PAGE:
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The Trouble With the NSA’s Haystack

By Paul Albaugh

Terrorism has again become one of the foremost concerns for Americans today. People are generally worried about the increased jihadi threat and look to government to ensure safety and security. While the Constitution certainly empowers the federal government to provide for the common defense of our nation, including counterterrorism measures, what it should not do is infringe on the rights of American citizens — specifically, the Fourth Amendment.

Last week, the Second Circuit Court of Appeals ruled the National Security Agency’s massive telephone metadata collection efforts are not authorized by the Patriot Act. However, the court did not rule the NSA’s actions are unconstitutional and it did not issue an order for the NSA to stop its data collection because the Patriot Act’s Section 215, which the NSA cites as its authority, is set to expire June 1. In other words, Congress must act soon anyway, and a vote is expected by May 22.

That the NSA is collecting phone records on all Americans may not seem terribly important — especially the more the public becomes accustomed to the idea — but it’s a critical issue. Like so many other things during this administration’s tenure, it pertains to the very real potential, if not actual, abuse of power.

Recall that the Patriot Act was passed following the September 11 terrorist attacks. The law was sold as a necessary counterterrorism measure to provide for better security. By and large, the law is a good one, aimed in the right places. But as with so many other laws, sometimes the consequences are less freedom and more government overreach.

There has already been squabbling in Congress over the NSA’s data collection, and the Patriot Act debate is sure to resemble a hornet’s nest. It will also pit Republicans against each other.

Already, Senate Majority Leader Mitch McConnell (R-KY), who had hoped to avoid defending the NSA, announced his unwavering support for the Patriot Act. He touted Section 215 in particular as “an important tool to prevent the next terrorist attack.” He also said, “Section 215 helps us find a needle in the haystack. But under the USA Freedom Act [which ends bulk metadata collection], there might not be a haystack at all.” He is hoping for a short-term extension that will allow the Senate to negotiate reforms.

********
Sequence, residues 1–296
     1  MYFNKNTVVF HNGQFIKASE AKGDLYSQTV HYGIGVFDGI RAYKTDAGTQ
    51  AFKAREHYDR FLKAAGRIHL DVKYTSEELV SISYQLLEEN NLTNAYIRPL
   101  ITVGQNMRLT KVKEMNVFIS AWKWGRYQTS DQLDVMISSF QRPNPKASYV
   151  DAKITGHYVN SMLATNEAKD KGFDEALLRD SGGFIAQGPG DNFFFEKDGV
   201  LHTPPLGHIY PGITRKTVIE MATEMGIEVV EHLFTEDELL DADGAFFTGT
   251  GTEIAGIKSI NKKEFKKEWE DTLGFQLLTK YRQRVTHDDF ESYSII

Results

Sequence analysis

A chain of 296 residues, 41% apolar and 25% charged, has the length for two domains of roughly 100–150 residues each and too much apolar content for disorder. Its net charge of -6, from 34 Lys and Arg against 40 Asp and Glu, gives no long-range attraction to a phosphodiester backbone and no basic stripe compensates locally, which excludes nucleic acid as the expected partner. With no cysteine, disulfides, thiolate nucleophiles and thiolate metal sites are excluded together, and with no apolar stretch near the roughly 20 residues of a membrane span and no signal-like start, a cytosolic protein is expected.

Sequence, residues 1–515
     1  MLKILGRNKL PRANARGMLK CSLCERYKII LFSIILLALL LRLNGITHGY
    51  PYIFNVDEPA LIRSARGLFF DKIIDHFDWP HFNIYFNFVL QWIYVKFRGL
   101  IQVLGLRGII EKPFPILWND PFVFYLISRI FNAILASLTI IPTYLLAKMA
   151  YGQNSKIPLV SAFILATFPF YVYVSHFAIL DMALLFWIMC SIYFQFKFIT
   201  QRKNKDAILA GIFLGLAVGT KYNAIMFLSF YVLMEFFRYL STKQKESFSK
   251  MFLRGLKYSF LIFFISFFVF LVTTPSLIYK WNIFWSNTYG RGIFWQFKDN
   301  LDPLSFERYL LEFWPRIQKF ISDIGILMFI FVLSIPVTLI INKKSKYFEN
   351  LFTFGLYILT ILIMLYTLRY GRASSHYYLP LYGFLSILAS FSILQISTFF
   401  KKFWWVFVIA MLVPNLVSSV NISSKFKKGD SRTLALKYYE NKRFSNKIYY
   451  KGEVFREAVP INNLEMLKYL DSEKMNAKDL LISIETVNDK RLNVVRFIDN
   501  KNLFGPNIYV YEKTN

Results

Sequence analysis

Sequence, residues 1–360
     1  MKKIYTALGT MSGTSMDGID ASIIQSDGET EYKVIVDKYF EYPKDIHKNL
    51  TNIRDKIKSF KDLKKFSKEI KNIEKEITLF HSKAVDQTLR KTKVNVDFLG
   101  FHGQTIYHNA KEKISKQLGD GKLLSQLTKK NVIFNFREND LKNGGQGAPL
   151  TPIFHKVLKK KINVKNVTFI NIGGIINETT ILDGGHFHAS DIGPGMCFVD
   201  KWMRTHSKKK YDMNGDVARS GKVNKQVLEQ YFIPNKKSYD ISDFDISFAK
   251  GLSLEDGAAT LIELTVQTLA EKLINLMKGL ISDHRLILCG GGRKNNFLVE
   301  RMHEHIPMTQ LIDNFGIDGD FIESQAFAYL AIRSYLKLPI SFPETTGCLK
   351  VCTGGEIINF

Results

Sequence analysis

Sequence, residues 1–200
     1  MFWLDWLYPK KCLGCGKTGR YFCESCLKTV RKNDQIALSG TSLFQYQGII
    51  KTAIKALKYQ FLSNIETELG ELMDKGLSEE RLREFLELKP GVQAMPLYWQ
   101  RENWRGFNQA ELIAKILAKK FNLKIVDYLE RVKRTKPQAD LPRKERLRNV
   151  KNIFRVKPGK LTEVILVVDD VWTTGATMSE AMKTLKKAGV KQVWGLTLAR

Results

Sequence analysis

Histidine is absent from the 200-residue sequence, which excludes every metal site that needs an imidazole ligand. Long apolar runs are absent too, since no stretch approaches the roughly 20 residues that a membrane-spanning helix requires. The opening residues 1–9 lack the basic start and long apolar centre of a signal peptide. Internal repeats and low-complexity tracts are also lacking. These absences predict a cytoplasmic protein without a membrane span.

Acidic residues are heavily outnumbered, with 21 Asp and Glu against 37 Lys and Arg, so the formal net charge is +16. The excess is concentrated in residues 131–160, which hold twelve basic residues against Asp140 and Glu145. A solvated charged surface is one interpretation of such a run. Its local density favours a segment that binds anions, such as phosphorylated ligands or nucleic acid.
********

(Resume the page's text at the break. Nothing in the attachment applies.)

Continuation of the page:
Joining McConnell will be several other Republicans, led by the “nobody out-hawks us” John McCain (R-AZ) and Lindsey Graham (R-SC). Graham is expected to announce his candidacy for president on June 1, and may very well use his support of the Patriot Act as a launch pad for his national-security-based campaign.

Meanwhile, Sen. Rand Paul (R-KY), another 2016 presidential candidate, staunchly opposes the NSA surveillance program. In fact, after the Second Circuit’s ruling, he declared, “Congress should immediately repeal the Patriot Act provisions and pass my Fourth Amendment Preservation and Protection Act.” He intends to mount a filibuster against reauthorizing the Patriot Act.

Paul won’t be alone, as other conservatives are likely to join the fight and at least one Democrat, Senator Ron Wyden from Oregon, has voiced opposition to the NSA surveillance program as well.

In 2013, Rep. James Sensenbrenner (R-WI), chief author of the Patriot Act, explained the difference between the law itself and the NSA’s interpretation: “This is the difference between using a rifle shot to get the phone records of somebody that we have great suspicion is involved in terrorist activity [and] using a blunderbuss to grab the whole haystack and to try to find the needle in it.” His metaphor wasn’t the best, but he clearly never intended the NSA’s broad reading of Section 215.

After all, as Reason’s Jacob Sullum notes, “Usually when someone says a proposal is like looking for a needle in a haystack, he is not recommending it; he is suggesting the idea is misguided and bound to fail.”

While we don’t like to see GOP infighting, at least they will be wrestling over an issue that pertains to the Constitution.